Alea iacta est! The remake of the Middle Eastern political geography.
The current situation in the Middle East is one that can best be described as violent and turbulent one. The continuing crises such as in Iraq, Palestine, Iran-West relations and the ever present terrorist threat have cast a shadow over the region.
It has to be noted first of all that a large number of the existing Middle Eastern states were constructed after WW1 due to the then political aspirations and planning of the colonial powers, namely Britain and France.
Iraq presents an excellent model of the above. It is a country where three major ethnic-religious groups reside and actually fight a bitter civil war between them. The Kurds 20% of the population are hoping that the American intervention will finally lead to their independence or at least into a wide autonomy. The Shiites which represent 60% of the Iraqi people are also striving for their autonomy in the southern parts of the country. Lastly the Sunni minority of 20%, once the ruling party in Iraq; for the time being refuses any change because they are the losing side in any case. Should the Kurds and the Shiites achieve autonomy they would be left with the central part of the country that lacks any oil or geostrategic importance. On the other hand their position is perilous under the current administration because they feel threatened by the majority of the other two groups.
Moreover any redraw of the current Iraqi status causes severe strains in Turkey that would not like to witness the emergence of a Kurdish state, in relation to its continuous conflicts with the Kurdish minority in the Eastern parts of the country. Moreover, autonomy for the Shiites will most certainly benefit Iran and currently USA is not willing to assist one of its greatest rivals in the world. The whole Iraqi framework seems in a deadlock. If the situation remains as it is, the USA will not have a realistic plan of withdrawing its military forces, in light of the 2008 elections. In case America pushes onward a disintegration of Iraq, it risks creating a major instability in the region and actually aiding forces against its interests.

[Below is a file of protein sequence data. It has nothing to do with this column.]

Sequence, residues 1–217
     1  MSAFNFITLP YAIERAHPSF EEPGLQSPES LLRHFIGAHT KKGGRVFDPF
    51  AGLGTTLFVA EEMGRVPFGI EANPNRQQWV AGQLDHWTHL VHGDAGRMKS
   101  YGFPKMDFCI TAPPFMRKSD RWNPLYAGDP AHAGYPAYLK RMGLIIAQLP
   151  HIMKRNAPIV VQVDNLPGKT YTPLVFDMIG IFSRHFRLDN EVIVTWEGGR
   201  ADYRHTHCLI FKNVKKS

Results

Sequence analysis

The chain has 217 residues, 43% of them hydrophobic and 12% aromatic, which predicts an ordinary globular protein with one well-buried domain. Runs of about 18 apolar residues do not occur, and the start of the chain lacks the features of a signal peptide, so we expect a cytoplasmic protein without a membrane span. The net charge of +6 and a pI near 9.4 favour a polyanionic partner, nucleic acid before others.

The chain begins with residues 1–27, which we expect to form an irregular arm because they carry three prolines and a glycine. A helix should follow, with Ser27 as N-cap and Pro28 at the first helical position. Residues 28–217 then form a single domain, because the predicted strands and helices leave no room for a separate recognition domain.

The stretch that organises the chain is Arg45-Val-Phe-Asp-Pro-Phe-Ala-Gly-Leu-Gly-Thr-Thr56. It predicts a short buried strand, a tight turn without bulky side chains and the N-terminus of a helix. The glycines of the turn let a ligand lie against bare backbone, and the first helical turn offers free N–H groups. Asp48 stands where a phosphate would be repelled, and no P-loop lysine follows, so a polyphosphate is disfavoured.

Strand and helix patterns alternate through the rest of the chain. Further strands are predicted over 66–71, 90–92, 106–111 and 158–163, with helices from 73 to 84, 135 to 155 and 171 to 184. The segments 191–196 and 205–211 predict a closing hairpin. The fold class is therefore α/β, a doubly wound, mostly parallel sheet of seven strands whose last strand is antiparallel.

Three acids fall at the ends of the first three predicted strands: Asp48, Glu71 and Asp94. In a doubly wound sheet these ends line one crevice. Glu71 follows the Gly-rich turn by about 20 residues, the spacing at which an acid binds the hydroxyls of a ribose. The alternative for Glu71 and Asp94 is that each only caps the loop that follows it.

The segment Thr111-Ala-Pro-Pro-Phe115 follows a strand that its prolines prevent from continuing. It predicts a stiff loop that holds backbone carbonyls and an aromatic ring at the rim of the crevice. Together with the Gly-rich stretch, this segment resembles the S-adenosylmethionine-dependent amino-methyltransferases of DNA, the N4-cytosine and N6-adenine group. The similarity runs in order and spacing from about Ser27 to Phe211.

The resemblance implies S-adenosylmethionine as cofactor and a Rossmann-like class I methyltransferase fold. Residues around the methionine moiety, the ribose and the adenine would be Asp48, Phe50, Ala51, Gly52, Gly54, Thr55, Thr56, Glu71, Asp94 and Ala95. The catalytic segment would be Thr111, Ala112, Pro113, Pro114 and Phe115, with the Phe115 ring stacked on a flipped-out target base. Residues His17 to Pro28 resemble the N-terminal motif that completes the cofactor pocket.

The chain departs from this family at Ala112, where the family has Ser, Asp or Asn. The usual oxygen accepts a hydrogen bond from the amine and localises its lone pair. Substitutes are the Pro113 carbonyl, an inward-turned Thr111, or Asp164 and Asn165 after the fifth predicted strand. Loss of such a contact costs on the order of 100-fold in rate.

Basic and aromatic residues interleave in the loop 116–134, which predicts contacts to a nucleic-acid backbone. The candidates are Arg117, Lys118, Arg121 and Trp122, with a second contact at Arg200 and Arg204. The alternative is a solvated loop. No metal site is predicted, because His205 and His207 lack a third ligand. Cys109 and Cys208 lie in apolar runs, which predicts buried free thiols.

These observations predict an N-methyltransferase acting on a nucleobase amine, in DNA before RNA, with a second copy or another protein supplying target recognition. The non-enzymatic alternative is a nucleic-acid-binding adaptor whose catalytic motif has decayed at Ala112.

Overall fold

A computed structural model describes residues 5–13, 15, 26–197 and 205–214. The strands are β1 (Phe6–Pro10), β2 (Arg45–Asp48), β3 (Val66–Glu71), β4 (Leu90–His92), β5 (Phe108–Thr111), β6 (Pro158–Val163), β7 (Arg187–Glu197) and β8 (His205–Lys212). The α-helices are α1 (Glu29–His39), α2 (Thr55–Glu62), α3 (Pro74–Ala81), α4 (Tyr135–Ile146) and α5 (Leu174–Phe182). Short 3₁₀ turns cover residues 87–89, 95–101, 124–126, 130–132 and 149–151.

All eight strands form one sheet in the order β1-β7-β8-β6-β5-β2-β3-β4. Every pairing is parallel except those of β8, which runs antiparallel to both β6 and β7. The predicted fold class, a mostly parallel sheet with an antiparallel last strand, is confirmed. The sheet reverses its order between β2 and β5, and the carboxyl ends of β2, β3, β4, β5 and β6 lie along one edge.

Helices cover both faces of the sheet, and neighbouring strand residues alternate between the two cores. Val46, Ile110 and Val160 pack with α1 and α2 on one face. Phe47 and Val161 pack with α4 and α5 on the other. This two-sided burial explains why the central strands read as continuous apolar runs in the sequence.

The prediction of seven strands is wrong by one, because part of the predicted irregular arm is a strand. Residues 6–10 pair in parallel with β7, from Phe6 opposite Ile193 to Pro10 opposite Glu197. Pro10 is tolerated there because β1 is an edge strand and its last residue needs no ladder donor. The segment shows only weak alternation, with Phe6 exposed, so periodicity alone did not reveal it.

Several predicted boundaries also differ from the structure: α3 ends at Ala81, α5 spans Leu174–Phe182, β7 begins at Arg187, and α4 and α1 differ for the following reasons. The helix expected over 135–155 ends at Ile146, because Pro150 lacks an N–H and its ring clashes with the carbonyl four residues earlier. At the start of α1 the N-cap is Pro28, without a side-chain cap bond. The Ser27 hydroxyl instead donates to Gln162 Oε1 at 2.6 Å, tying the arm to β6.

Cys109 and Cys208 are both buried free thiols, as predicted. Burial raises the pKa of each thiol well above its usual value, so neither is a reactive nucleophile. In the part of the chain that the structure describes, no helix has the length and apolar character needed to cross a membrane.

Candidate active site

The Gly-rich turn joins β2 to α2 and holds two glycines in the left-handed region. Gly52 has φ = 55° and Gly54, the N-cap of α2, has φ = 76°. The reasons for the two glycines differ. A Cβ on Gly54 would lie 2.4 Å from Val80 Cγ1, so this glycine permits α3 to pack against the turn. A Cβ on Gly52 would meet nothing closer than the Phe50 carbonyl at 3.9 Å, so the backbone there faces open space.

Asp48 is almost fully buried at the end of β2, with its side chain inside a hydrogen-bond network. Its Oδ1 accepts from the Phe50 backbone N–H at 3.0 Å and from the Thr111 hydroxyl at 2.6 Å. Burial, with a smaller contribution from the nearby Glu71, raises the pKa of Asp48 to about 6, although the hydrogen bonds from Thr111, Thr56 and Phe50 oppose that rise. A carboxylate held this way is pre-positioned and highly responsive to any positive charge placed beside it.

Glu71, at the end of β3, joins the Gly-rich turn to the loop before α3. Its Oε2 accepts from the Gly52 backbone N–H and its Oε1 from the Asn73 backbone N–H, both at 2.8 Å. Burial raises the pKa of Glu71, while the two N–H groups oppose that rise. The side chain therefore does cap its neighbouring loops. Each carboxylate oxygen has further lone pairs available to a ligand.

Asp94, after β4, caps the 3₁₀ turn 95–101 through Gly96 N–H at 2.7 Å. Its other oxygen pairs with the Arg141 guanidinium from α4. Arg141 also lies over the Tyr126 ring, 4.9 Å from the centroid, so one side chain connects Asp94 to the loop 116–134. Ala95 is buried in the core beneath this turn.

The Jordanian factor
The population of Jordan is mainly compromised by Sunni Muslims that maintain strong links with their brethren in Iraq. On a first glance the unification of these two groups into a single enlarged Jordan would be an ideal case. Of course one should take into consideration the response of Saudi Arabia and the Palestinians that would be mostly negative for a development that would enlarge the influence of the Hashemite Dynasty in the Arab world.
A synoptic historical note will most surely enlighten the complexities of the region, and how history could provide a guide for the better understanding of Middle Easter balance of powers.
The leader of the Arab revolution against the Ottoman Empire in WW1 was Hussein Al Hashemi the Emir of Hezaz. His dynasty was responsible for the safety of the two sacred Muslim cities Mecca and Medina, since the early 13th century. According to Arab historiography this is a holy family claiming descendent right from Prophet Mohammed.
Hussein Al Hashem managed –With the help of the Brits- to oust the Ottoman troops but soon faced the antagonism from another powerful and historic Arab family; the one of Saudis the creators of modern day Saudi Arabia. The latter were members of the Wahhabism strain of Islam since the 17th century that quite recently has claimed worldwide fame due to its suspected connections with terrorism indoctrination. The Saudi Dynasty managed to win the Hashemite in 1926 and claim themselves as the new protectors of the Holy Cities. It is interesting to note at this point, that since the early 1920’s the Saudis were assisted by the USA, whilst the Hashemite were bonded with Britain in most respects.
The heirs of Hussein Al Hashim were given the newly constructed states of Iraq and Jordan to govern –Jordan was then called “Hashemite Kingdom of Transjordan”-. The planning made by the United Kingdom was to have two cooperating Sunni Kingdoms in order to counterbalance the Shiite Persia and the newly emerged and dynamic Saudi Arabia.
The creation of the state of Israel in 1948 clearly changed radically the balance of powers in the Middle East, as it had been achieved since the early 20’s. Transjordan renamed itself to Jordan after acquiring land in both sides of the Jordan River, while in 1958 the Hashemite Dynasty was overthrown in Iraq after a Baath coup d’etat and the King Feysal was assassinated.